A boy lost his home in the Nepal earthquake, but not his passion to sing
Binay’s music elicits joy, as does his contagious smile.
“I always feel like smiling,” he said.
When asked what his family needs most since the earthquake last April, he answered with “ghar.”
“Ghar” means “home” in Nepali.
To Binay—like so many others—“ghar” means more than just four walls and a roof. It goes deeper.
“I was born here, and I want to die here,” he said.
Binay lives in central Nepal with his mother and older sister, who were both in the top floor of their home when the earthquake began. They ran down the stairs and shoved the door open just before the house fell. Binay was already outside and had found safety with friends.
His family is one of hundreds of thousands who lost their homes in the disaster. People were left to sleep under makeshift tents and tarps or to crowd into the homes of friends or family.
Samaritan’s Purse made shelters a top priority of our recovery work in Nepal. We supplied materials and construction training to over 20,000 households—most in remote, mountain villages. These sturdy shelters provided families with a safe place to lay their heads while rebuilding their lives.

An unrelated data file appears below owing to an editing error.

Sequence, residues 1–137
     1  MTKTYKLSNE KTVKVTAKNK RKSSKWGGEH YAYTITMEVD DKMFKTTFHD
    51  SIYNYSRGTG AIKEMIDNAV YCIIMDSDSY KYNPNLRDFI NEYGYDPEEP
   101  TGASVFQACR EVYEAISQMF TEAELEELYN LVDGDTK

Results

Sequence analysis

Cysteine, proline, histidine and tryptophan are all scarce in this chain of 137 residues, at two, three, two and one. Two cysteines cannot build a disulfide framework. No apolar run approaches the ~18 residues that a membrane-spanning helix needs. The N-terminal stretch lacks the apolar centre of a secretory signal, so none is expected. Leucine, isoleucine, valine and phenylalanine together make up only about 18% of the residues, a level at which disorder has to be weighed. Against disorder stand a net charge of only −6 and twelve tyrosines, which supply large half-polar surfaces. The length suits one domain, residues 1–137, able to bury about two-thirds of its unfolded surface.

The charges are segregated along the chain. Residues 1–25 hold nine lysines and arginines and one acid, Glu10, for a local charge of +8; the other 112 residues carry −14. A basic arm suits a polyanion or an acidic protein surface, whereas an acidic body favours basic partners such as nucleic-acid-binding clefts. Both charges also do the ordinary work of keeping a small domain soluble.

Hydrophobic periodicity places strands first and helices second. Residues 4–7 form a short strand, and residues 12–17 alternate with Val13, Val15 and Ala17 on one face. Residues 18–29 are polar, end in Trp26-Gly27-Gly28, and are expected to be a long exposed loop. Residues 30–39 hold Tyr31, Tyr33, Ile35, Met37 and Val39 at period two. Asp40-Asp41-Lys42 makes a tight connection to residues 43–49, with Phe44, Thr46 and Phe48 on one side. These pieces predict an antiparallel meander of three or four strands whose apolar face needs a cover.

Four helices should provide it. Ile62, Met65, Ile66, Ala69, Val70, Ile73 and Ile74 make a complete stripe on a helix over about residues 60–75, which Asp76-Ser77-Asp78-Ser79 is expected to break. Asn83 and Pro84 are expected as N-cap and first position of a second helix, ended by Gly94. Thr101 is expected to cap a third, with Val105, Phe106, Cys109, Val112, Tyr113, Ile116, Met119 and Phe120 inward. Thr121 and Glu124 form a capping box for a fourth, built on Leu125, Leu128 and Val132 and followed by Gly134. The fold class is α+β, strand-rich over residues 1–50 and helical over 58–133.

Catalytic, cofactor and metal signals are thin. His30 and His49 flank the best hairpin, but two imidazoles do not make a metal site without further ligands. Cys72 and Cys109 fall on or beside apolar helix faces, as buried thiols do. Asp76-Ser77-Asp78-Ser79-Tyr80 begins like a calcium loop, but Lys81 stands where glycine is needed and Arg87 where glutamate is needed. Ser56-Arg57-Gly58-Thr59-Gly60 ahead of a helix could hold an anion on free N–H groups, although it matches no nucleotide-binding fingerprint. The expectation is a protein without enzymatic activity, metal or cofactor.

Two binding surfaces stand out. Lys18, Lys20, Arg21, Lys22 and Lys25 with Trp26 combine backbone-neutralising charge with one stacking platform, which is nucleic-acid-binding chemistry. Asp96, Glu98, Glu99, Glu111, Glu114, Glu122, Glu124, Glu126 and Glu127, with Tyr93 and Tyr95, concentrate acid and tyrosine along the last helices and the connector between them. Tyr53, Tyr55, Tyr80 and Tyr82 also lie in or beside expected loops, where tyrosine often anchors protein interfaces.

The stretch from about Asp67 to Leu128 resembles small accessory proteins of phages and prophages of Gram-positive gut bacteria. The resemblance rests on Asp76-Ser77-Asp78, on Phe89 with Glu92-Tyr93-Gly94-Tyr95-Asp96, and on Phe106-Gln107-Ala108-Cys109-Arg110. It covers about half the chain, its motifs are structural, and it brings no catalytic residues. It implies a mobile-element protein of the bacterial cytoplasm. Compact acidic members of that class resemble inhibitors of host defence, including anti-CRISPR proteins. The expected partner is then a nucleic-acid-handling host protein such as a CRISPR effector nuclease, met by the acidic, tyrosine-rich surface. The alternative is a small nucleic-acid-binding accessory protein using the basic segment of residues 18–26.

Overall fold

Along the way, our staff had the privilege of building relationships with people like Binay, his mother, and sister. They remind us that each family has their own important story of survival, of picking up the pieces, and learning how to keep going.
Some move to new villages for a fresh start, some still visit their crumbled homes to pull up the weeds, and some sit on the rubble and sing.
If you’re interested to see additional photos of Binay and our work in Nepal, please see this recently published photo essay.